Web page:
BOOL CObject::InformTargets(CEvent *pevent, ULONG pmfsource)
for (i = 0; i < connectionCount; i++)
if (connectionArray[i].pmfsource = = pmfsource)
connectionArray[i].pmftarget—> NotifyEvent(pevent, this,
void CObject::AddTarget(CObject *ptarget, ULONG pmftarget, ULONG pmfsource)
i = connectionCount + +;
connectionArray[i].ptarget = ptarget;
connectionArray[i].pmftarget = pmftarget;
connectionArray[i].pmfsource = pmfsource;
The programming system adds connections to a run-time object by invoking the member function AddTarget provided by the connection manager. The programming system invokes the AddTarget member function of the source object whenever a programmer connects two objects. The member function AddTarget is passed a pointer to the target object, a pointer to the target member function (representing the input port), and a pointer to a source member function (representing the output port). The member function AddTarget adds an entry to the connectionArray of the source object corresponding to the passed parameters. In a preferred embodiment, the connections are stored not as data members of the CObject, but rather are stored in a heap that is shared by all run-time objects. In this way, the storage overhead for. each object can be minimized.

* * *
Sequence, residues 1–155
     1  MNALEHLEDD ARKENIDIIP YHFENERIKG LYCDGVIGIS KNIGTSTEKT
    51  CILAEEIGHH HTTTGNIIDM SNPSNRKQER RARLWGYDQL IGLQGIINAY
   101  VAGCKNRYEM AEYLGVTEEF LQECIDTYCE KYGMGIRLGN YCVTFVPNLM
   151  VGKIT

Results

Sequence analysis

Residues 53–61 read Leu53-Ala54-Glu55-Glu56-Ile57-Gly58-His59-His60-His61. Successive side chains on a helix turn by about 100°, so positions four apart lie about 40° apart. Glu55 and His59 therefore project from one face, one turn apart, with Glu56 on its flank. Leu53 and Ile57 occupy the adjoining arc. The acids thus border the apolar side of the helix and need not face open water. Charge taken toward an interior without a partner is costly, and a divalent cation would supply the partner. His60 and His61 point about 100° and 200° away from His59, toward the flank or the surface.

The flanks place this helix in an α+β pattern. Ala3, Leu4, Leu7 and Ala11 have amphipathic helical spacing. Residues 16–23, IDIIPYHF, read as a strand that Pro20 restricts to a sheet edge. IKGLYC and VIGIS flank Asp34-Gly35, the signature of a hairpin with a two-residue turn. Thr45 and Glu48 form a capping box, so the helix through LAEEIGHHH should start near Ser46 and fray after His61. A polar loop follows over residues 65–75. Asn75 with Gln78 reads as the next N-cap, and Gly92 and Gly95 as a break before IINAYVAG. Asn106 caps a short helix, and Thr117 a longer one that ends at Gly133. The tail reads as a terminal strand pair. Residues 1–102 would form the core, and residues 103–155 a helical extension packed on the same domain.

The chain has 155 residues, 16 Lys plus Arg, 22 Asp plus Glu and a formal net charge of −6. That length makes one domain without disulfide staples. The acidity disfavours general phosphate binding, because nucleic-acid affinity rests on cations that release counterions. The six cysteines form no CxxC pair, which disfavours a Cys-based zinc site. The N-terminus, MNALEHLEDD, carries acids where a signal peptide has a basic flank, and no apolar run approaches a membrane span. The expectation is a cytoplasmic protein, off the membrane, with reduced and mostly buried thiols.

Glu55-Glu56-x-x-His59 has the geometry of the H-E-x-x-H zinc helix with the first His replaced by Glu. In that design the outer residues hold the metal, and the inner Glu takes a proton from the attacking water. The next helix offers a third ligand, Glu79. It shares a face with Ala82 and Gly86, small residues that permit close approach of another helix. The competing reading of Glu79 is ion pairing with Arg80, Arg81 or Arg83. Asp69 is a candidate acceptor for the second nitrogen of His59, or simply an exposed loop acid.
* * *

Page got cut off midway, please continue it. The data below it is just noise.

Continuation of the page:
A message is sent to a target object in the following manner. The source object instantiates an event object and stores event information in the event object. The source object invokes the member function InformTargets of its connection manager passing the event object and a pointer to the source member function. For each connection for that output port (source member function), the connection manager invokes the member function NotifyEvent of target object passing the event object, a pointer to the target member function, and a pointer to the source object. The member function NotifyEvent invokes the member function Dispatch of the event object passing a pointer to the source object, a pointer to the target object, and a pointer to the target member function. The member function Dispatch invokes the target member function of the target object passing the stored event information as actual parameters. An event object encapsulates the message information in a way that is transparent to the connection manager. Thus, the connection manager can control the invoking of target member functions passing arbitrary parameters.